You may know that the resin beads in your water softener attract hard minerals and remove them from your water, but did you know that your water softener may also have a pre-filter? And if it doesn’t have one now, should it? What does a water softener pre-filter do, anyway? The answer (and that pre-filter) may lead you to even better water quality.
Why Do You Need a Pre-Filter?
We soften our water for many reasons. The first reason that comes to mind for most people is the damage that minerals (like calcium or magnesium) can do to our appliances, laundry, skin, and hair. However, softening doesn’t remove every chemical compound, which is where a pre-filter comes in.
A water softener pre-filter can remove:
- Physical impurities such as sediment, rust or other undissolved particles
- Chemicals that affect taste or odor, such as chlorine and chloramines or hydrogen sulfide
- Discoloring chemicals such as iron and manganese
These substances can build up in your water softener and cause inefficient operation or even damage. Eliminating those impurities protects your water softener’s performance and longevity in addition to improving the aesthetic quality of your water.
Different Types of Water Filters
There are typically two types of pre-filter: sediment and carbon. The best pre-filter for your home depends on what you want to remove from your water.
Sediment pre-filters are typically used on well water. They act as a sieve to remove particles (or sediment) like iron, manganese, rust, etc. If sediment/particulates are prevalent, you could choose a multi-stage system that uses a series of filters that gradually change from coarse to fine.
Carbon pre-filters are typically used on municipal or city water. They remove contaminants or impurities through the use of activated charcoal and chemical adsorption. Carbon pre-filters are particularly efficient at removing or reducing the odor from the presence of chlorine in water.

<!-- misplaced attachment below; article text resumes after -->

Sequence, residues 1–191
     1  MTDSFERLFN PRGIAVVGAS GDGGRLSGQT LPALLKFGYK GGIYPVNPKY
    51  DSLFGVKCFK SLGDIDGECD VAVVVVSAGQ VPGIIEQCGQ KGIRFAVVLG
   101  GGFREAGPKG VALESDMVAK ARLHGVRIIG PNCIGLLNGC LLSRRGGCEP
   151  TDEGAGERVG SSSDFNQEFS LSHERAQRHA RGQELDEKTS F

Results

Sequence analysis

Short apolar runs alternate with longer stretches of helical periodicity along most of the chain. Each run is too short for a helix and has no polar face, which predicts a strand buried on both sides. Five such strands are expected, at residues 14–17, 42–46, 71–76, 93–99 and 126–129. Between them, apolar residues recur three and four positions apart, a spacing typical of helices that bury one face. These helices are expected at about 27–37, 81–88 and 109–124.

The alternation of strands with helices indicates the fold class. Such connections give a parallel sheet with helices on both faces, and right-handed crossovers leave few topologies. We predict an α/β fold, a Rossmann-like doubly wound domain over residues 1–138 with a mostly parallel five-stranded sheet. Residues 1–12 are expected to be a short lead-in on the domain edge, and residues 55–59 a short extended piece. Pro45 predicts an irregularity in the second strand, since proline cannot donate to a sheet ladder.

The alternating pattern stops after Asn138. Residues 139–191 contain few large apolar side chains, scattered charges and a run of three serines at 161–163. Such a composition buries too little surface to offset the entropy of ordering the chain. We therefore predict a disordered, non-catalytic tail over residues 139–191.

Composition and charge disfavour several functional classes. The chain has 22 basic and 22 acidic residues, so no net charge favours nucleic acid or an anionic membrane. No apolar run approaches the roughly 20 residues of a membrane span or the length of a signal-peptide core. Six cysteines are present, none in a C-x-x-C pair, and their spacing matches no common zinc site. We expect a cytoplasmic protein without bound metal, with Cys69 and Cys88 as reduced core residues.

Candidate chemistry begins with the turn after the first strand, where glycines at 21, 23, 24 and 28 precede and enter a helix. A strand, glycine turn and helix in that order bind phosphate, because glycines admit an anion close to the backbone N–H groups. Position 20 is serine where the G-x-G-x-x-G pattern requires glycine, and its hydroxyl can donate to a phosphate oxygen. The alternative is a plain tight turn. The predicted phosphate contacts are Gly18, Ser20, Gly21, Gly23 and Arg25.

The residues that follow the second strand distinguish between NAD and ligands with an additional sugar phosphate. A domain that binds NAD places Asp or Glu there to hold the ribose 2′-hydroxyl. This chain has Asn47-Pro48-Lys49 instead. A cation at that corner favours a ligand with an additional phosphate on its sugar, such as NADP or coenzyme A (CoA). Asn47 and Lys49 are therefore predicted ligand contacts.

When Should You Clean the Filter?
Just like the air filter in your HVAC system or the air and fuel filters in your car, your water softener pre-filter will get dirty. Whether you should clean or replace the filter, and how often, depends on the type of pre-filter you have as well as overall household water usage. In general, experts recommend that sediment filters be replaced (or cleaned) every 3-6 months.
Some filters are reusable, so when they get full (or dirty, as we might say), you can remove them for cleaning and then replace them. However, depending on the filter and water it’s filtering, some can get very dirty very quickly, so we often recommend using disposable filters, instead.
What should you look for? If you notice a change in watercolor or taste, it’s probably time to clean the filter. If there’s a gradual decrease in water pressure, that’s another good sign that you might need to change your filter… or at least check it. You can also visually check your filter periodically and, over time, determine what cadence is optimal for your household.
Call Us for a Consult
Testing your water is the first step toward determining what type of pre-filter will make the best companion for your water softener, to produce optimal overall results. You can buy a test kit at the store or online. Or just give us a call and one of our Haferman Water Conditioning pros will come out and test your water and make some recommendations for you.